John Accomando writes,
[D]oes Scripture teach that we’ll be here for the full 3.5 years? Yes:
Daniel 7:25- “And he shall speak great words against the most High, and shall wear out the saints of the most High, and think to change times and laws: and they shall be given into his hand until a time and times and the dividing of time.”
Revelation 13:5-7: “And there was given unto him a mouth speaking great things and blasphemies; and power was given unto him to continue forty and two months. 6 And he opened his mouth in blasphemy against God, to blaspheme his name, and his tabernacle, and them that dwell in heaven. 7 And it was given unto him to make war with the saints, and to overcome them: and power was given him over all kindreds, and tongues, and nations.”
I want to respond to this posttribulational position.
Many posttribulationists rightly recognize that the Antichrist’s great tribulation is not the same event as the day of the Lord’s wrath. And they correctly place the great tribulation starting at the midpoint. But they mistakenly terminate the great tribulation at the very end of the seven-year period, making it exactly three and one-half years.
They assume that the great tribulation will last three and one-half years since Daniel 7:25 states, “He will speak words against the Most High. He will harass the holy ones of the Most High continually. His intention will be to change times established by law. They will be delivered into his hand for a time, times, and half a time [three and one-half years]” (cf. Revelation 13:5–7).
Prewrath indeed affirms that Antichrist will oppress saints for three and one-half years, but that does not require the particular great tribulation spoken of by Jesus in his Olivet Discourse to be that length of time. There will be a remnant who come to Christ after the rapture who Antichrist will seek to persecute for the remaining three and one-half years, thus fulfilling his allotted time to “harass the holy ones.” To be sure, after the rapture, his ability to persecute will be diminished for what remains of the three and one-half years. Further, some prewrathers see the Danielic reference of “holy ones” referring to the Jewish nation who Antichrist will “harass” for three and one-half years.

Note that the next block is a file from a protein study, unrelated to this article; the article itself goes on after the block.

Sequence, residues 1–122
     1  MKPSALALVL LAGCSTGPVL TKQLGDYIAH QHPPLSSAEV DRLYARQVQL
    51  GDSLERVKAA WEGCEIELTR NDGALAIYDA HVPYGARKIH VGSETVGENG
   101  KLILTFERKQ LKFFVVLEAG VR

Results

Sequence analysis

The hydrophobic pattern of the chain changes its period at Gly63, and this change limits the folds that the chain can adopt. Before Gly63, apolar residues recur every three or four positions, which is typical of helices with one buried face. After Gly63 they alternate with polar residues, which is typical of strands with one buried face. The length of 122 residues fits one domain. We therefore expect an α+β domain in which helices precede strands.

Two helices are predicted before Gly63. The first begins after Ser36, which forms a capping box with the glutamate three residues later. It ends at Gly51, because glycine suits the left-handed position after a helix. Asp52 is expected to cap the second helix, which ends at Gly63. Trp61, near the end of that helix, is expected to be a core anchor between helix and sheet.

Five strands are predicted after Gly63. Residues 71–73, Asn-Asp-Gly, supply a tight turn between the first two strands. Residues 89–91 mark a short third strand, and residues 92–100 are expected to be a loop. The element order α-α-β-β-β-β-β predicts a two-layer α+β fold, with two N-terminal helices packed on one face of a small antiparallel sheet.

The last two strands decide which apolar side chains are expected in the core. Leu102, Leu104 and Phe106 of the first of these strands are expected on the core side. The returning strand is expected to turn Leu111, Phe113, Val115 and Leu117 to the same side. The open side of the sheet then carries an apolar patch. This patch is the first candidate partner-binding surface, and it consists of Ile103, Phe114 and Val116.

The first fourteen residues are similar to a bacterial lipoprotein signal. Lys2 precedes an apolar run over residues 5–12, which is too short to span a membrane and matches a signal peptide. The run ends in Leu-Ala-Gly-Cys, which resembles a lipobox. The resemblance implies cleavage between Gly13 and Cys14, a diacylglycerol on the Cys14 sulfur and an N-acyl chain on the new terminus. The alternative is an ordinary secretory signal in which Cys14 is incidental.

There is another reason why the great tribulation cannot span three and one-half years: we would know the exact day and hour, for all we would have to do is count three and a half years from the midpoint to determine the day of his return.
Finally, the Achilles heel for posttribulationism has been where to place the day of the Lord’s wrath in relation to the great tribulation. There have been three posttribulational options. Some reject a future seven-year period all together, arguing instead that the great tribulation was fulfilled in the first century, or is being fulfilled in the span of church history.
But other posttribulationists affirm the future great tribulation and have placed the day of the Lord at the very end of the seven-year period, squeezing it into a single day, like an “accordion” nature of God’s wrath.
Others posttribulationists have rejected that as an unnatural interpretation, viewing, instead, that the Antichrist’s great tribulation and the day of the Lord’s wrath will occur at the same time. To sustain this interpretation, they claim God will supernaturally protect believers on earth during his wrath upon the ungodly. But this interpretation is flawed since Jesus, Paul, and the book of Revelation consistently teach that the day of the Lord follows immediately after Antichrist’s great tribulation.
Prewrath resolves these posttribulational conundrums recognizing that the great tribulation is cut short with the coming of Christ to deliverer the godly, and subsequently destroy the ungodly.